# ORBIT 59-738

- Gallery SC
- May 2003
- Banners and installation

The last cycles Orbits is the result of fascination with Einstein’s theory of relativity, which regardless the constant attempts to disapprove a part of scientific presumptions being its basis, survives and evolves due to modern scientific methods mostly resulted from the new technologies.

"Precession of apsides - In general relativity, the apsides of any orbit (the point of the orbiting body's closest approach to the system's center of mass) will precess-the orbit is not an ellipse, but akin to an ellipse that rotates on its focus, resulting in a rose curve-like shape (see image above). Einstein first derived this result by using an approximate metric representing the Newtonian limit and treating the orbiting body as a test particle. For him, the fact that his theory gave a straightforward explanation of the anomalous perihelion shift of the planet Mercury, discovered earlier by Urbain Le Verrier in 1859, was important evidence that he had at last identified the correct form of the gravitational field equations.

The effect can also be derived by using either the exact Schwarzschild metric (describing spacetime around a spherical mass) or the much more general post-Newtonian formalism. It is due to the influence of gravity on the geometry of space and to the contribution of self-energy to a body's gravity (encoded in the nonlinearity of Einstein's equations). Relativistic precession has been observed for all planets that allow for accurate precession measurements (Mercury, Venus and the Earth), as well as in binary pulsar systems, where it is larger by five orders of magnitude."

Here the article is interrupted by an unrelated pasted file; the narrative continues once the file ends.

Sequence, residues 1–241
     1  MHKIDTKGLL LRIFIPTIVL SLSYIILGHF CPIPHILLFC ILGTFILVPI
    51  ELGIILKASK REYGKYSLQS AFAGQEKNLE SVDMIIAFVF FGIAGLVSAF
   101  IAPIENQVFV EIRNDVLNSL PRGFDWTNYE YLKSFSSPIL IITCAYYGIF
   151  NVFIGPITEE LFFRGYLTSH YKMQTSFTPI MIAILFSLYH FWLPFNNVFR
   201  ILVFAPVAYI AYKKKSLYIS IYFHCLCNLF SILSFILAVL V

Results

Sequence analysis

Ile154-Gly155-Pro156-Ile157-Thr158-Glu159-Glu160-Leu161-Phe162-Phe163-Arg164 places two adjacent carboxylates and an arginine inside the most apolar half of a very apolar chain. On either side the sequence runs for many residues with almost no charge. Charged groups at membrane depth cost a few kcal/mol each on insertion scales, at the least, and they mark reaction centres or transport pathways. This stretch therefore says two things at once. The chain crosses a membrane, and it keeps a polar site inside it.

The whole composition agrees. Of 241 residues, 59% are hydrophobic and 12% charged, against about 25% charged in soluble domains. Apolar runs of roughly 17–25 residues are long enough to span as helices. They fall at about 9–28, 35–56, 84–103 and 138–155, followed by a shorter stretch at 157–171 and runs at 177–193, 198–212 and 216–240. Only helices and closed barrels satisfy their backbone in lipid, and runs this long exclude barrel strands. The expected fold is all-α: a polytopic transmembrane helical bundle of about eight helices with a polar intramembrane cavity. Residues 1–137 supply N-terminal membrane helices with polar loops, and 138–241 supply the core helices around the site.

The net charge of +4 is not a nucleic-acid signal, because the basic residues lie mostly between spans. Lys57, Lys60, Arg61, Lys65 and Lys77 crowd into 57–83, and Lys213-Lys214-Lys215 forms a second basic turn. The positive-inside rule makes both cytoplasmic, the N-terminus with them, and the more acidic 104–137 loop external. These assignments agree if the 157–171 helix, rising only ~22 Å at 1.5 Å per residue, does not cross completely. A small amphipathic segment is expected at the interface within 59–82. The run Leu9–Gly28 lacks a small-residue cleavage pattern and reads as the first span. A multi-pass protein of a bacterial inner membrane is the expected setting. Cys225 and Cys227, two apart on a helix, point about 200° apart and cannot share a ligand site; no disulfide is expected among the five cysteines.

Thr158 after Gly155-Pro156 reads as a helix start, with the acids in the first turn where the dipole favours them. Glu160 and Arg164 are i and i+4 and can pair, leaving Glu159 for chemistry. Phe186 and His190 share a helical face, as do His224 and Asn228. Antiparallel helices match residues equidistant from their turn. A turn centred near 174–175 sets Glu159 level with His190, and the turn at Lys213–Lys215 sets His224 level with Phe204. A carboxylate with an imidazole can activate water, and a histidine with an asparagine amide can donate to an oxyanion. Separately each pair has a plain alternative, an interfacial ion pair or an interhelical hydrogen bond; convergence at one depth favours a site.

Less ideal than the circle, ellipse with its movement along the same, under the condition that one focus in the center of that circular movement makes a rosette.

This complex shape is the orbit of all planets around their suns, except in case if their orbit is not a regular circle which is a more rare case. In our Solar system none of the orbits is a circle.

A rosette is often used in architecture already in the Middle Age, and especially in the Age of Renaissance, without knowledge about its planetary meaning, then probably due to its interesting structure and the possibility of variations.

This is where the second fascination lies. Right from the possibility of shape variations at establishing the relationship by creating ellipse and its movement, results the unlimited number of artistic creations. If additionally carried away with change of viewpoint, perspective and light/shade, without the need to use colors, it is possible to three-dimensionally shape the space by two-dimensional presentations.

**Daworp Earthman**